18. 18. 18 @WessexAHSN In September 2016, the Wachter report identified the steps in informatics and technology the NHS would have to take to ensure it continues to deliver a high level of healthcare at an affordable cost. The report highlighted how there would need to be changes in the NHS in order to achieve a successful digital transformation. The suggested changes didn’t just encompass technology but the way the workforce is prepared for this revolution as well. The NHS Digital Academy was established as a direct response to the findings in this report. It consists of a postgraduate diploma in Digital Health Leadership delivered by Imperial College London and designed in partnership with the University of Edinburgh. Strategic input was also provided from Harvard Medical School. The purpose of the blended-learning programme is to develop present and future leaders so they are ready to take on the information and technology challenges in this period of change. Each module of the Digital Academy seeks to enhance skills and broaden knowledge in different aspects of digital health: • Essentials of health systems • Implementing transformational change • Health information systems and technologies • User-centred design and citizen-driven informatics • Decision support, knowledge management and actionable data analytics • Leadership and transformational change The course is designed to implement learning immediately with reflective essays drawing on application of learning in the workplace and assignments demonstrating where this has been executed. This is supported by a wide range of online learning resources and several three day residentials at locations across the country. Wessex AHSN Programme Coordinator for Innovation Adoption, Nadia Kuftinoff, was successful in securing a place in Cohort 2 of the Digital Academy, which formally began in April 2019. She joins just over 100 colleagues from health and social care to develop her knowledge and skills in the field of health informatics. “I was overjoyed to be accepted,” says Nadia, who is currently overseeing digital innovation adoption in the Primary Care Innovations programme and developing patient public involvement activities for the AHSN. “I’ve spent the last few years taking up any opportunity I could to be involved in digital health in Wessex, which the AHSN has been really supportive of. I’m really pleased that the Digital Academy is investing not only in current digital leaders, but aspiring ones as well.” Faye Edwards, National Programme Manager for AF Stroke Prevention from Health Innovation Network, joins Nadia as a fellow Cohort 2 member from the AHSN Network. Rachel Dunscombe, CEO of NHS Digital Academy, said, “It’s great to have AHSN representation at the Digital Academy. They work with colleagues across the health ecosystem from commissioners to service providers at a multitude of levels, so the learning from the Academy will be utilised in a hugely impactful way.” Nadia is documenting her experiences at the Digital Academy and the way in which it benefits her projects in a series of blogs, available on the Wessex AHSN website. Want to find out more? Why not follow Nadia’s experiences on the NHS Digital Academy NadiaKuftinoff Healthcare in Wessex – A Digital Future: AHSN Innovation Adoption Programme Coordinator Nadia Kuftinoff joins Cohort 2 of the NHS Digital Academy Primary Care Innovation Sites programme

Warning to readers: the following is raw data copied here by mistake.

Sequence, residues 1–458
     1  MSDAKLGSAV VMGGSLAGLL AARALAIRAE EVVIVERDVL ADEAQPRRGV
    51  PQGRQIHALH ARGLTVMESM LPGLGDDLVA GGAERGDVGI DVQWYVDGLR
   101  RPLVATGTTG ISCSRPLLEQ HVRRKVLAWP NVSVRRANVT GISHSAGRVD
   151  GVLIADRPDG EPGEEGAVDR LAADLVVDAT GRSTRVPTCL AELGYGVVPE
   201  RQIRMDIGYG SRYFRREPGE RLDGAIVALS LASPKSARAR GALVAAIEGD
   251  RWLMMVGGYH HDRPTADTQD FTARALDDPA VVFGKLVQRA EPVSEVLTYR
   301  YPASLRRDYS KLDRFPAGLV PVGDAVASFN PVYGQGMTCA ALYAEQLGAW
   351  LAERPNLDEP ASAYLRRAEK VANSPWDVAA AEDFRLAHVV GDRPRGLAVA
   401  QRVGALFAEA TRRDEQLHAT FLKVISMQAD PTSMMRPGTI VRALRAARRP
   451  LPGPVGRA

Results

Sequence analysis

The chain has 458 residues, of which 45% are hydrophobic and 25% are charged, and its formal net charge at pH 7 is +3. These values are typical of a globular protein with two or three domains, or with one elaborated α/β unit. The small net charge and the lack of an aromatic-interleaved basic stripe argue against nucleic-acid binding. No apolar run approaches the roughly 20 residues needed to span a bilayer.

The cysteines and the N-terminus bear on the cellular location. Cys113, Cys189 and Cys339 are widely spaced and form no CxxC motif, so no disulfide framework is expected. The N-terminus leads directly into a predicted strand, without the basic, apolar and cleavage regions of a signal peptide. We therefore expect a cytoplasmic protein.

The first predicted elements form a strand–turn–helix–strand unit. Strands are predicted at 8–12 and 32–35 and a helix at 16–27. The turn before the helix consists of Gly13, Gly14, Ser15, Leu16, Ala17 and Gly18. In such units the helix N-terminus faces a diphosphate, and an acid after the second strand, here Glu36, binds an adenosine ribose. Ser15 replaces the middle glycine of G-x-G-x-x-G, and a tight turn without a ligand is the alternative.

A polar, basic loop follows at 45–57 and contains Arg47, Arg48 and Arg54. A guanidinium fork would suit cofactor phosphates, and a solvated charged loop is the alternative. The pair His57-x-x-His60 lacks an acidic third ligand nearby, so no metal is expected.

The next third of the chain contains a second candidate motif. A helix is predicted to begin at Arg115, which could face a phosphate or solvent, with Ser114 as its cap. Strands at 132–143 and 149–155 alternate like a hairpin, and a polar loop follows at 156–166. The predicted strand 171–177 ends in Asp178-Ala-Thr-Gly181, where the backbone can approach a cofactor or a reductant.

19. 19. 19 “It’s great to have AHSN representation at the Digital Academy. They work with colleagues across the health ecosystem from commissioners to service providers at a multitude of levels, so the learning from the Academy will be utilised in a hugely impactful way.” Rachel Dunscombe Chief Executive Officer Digital Academy International healthcare innovator Gnosco has joined Wessex AHSN’s Primary Care Demonstrator Sites programme to test and evaluate their Dermicus teledermatology software. The project increases accessibility and speeds up diagnosis for patients with suspected malignant melanoma and other skin cancers by providing specialist care skills remotely in primary care, hopefully reducing unnecessary referrals to secondary care. Rachel Dominey, Wessex AHSN’s Associate Director of Primary Care, said: “When Gnosco approached Wessex AHSN via our Innovation Registry, we recognised that their solution met our local stakeholders’ STP priorities – the prevention and early detection of cancer, and accelerating new models of care.” “By testing Dermicus in our primary care innovation network, we can support our partners to develop and evaluate a new working method for remote consultation of skin cancer.” Gnosco’s director, Philip Daniels-May, added: “Our experience in Sweden over the past four years is that patient waiting times for remote diagnosis are typically 24-36 hours, compared with anything from 2-4 weeks just to get the first appointment with a specialist via the old pathway.” “The NHS in England is a prestigious market for Gnosco. Our team are delighted to be working with Wessex AHSN to support them with meeting their local priorities for the early detection of cancer.” Philip Daniels-May Business Development Director Gnosco Teledermatology in Primary Care: Developing digital pathways for earlier detection of cancer Watch our video on the Wessex Primary Care Innovation Sites programme, and find out how we’re creating opportunities to make clinical services more efficient and improve health outcomes for patients. See the video at: primarycare